The Ins and Outs of the Dash Diet and Dieting

Published on March 16, 2020

Nowadays, there are many diets people use and try to get fit and stay healthy. There are diets to help lose weight, manage weight, control eating habits, and more. In addition to those diets, there is also a diet that is for the heart. We all know that staying healthy for your heart can be difficult with fast foods, sweets, and anything high in calories. New research through the National Institutes of Health the Dash Diet is a diet plan for the heart. The Dash Diet is a plan that helps with high blood pressure. 

This diet was named one of the best diets in the United States, but what makes it so different than other diets and has the stigma on diets changed in recent years? I spoke two dietitians Megan Kober (MK) and Deanna Dahlinger (DD), about the ins and outs of the Dash Diet and dieting. 

Grit Daily: What is the Dash Diet?

Megan Kober: The Dash Diet stands for Dietary Approaches to Stop Hypertension. It’s a diet that’s been around for MANY years and it was developed to help people lower blood pressure without medication. Its primary guidelines include reducing sodium and fat and increasing foods rich in potassium, calcium, and magnesium. This is not meant to be a weight loss diet. 

Deanna Dahlinger: The DASH diet was not designed to be a weight loss solution, but I often see clients lose weight along the way. This could be because we are restructuring their diet and creating new healthy eating habits. 

GD: From your professional standpoint, what do you think is the Dash Diet? 

MK: The DASH diet is used by medical professionals everywhere to help patients drop their blood pressure, but in my opinion, the guidelines are outdated. One of the most significant contributors to high blood pressure is high blood sugar and insulin resistance – which is often caused by the overconsumption of carbs. However, it IS vitally important to increase potassium, calcium, and magnesium in your diet.  I would also agree with the DASH diet than dairy is important for calcium and K2.

DD: As a dietitian, I believe the DASH diet is a great starting point for clients not only to contest hypertension but to structure an overall healthy diet.  Since every person is unique, from their genetic makeup, lifestyle habits, and environmental exposure, this diet only scratches the surface with how much of an impact our nutrition can have on the prevention and treatment of chronic disease and reaching optimal weight goals.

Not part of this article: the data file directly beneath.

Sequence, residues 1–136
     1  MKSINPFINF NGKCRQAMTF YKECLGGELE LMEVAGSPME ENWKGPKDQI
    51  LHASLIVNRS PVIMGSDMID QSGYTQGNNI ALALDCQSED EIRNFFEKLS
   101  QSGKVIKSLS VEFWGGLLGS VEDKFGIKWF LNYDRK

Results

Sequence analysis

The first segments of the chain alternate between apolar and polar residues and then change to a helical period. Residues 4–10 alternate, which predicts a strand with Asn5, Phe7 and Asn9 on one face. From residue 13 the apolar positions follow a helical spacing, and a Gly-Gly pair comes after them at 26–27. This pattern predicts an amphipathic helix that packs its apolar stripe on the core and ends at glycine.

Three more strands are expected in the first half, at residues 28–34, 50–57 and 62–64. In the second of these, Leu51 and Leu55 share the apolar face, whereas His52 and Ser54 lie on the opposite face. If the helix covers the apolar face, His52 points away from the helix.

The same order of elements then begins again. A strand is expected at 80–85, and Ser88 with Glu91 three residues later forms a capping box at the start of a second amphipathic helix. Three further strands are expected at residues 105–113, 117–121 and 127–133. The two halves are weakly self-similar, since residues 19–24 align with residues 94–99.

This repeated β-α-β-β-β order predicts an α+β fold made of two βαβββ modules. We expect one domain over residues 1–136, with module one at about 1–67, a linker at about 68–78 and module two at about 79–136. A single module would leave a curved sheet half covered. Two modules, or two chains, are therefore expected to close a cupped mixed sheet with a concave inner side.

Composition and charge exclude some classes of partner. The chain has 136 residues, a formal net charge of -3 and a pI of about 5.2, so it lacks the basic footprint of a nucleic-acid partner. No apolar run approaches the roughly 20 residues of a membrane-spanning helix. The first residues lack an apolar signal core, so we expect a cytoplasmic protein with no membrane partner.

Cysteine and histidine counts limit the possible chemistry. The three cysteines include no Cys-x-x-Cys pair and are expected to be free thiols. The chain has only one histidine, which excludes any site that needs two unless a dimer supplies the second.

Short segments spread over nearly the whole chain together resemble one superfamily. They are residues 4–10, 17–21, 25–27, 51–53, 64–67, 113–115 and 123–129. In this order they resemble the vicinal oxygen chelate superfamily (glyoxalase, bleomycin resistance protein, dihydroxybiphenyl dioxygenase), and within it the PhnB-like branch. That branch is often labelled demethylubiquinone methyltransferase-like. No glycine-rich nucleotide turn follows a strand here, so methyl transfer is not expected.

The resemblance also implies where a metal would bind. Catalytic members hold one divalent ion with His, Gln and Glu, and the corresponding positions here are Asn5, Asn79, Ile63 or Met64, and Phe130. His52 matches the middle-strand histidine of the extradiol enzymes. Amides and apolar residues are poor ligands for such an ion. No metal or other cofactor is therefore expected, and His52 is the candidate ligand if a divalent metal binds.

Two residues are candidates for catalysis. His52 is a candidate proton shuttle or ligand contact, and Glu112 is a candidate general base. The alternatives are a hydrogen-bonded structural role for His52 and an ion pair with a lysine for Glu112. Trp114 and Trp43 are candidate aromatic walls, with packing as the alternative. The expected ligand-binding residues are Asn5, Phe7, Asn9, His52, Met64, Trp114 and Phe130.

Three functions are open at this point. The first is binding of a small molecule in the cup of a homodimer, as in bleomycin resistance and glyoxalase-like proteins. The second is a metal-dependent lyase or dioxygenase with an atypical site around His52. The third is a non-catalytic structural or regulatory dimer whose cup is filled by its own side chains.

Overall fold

Of course, finding and transitioning to another diet that is right for you can be difficult but do you wonder if another diet will work? Has the stigma on dieting altered?  

GD: What do you think about diets and any tips?

MK: Most diets work, at least in the short term. The key phrase here is SHORT TERM. The most popular way to try to lose weight is to remain in a calorie deficit – this means eating less calories and/or exercising to burn more calories. I like my clients to focus on increasing their metabolism, not decreasing their calories. So, eating in a way that turns off hunger hormones and keeps your body in fat-burning mode. The easiest way to do this is to simply make sure you’re eating protein, healthy fat, and fiber at every meal. Not only have I seen initial weight loss success with this, but I’ve seen long term success.

DD:  First, eat REAL food. Focus on whole foods made from real ingredients. Second, don’t look at what you need to take away from your diet, instead focus on what you can ADD IN. When you’re ready to take things a step further, work with a Registered Dietitian who can work with you to create an individualized, maintainable approach to help you reach your nutrition goals. 

Q: What do you think about the “healthy lifestyle” that’s on social media?

MK: As far as influencers on social media who are promoting weight loss – check their credentials. Is it a registered dietitian with 5+ years of nutrition education? Or is it a personal trainer with 0 seconds of nutrition education? Or is it an Instagram model that is getting paid to promote a certain product or diet? Final note – fat burners don’t work, ever, no matter what IG tells you!

DD: Many diet trends and fads seem so glamorous from the outside, promising instant weight loss or whatever outrageous claim it’s attempting to make. But, let’s remember:  

  • They are not tailored for your individual needs. 
  • They restrict certain food groups, therefore causing you to miss out on important micro and macronutrients. 
  • They are not maintainable long term. 
  • They can lead to negative relationships with food.  
Megan Kober, RDN, LD 
IG: @thenutritionaddiction

Deanna Dahlinger, RDN

Jori Ayers is a Staff Writer at Grit Daily based in Tampa, Florida. She was formerly with the editorial team at Tampa Bay Parenting Magazine.

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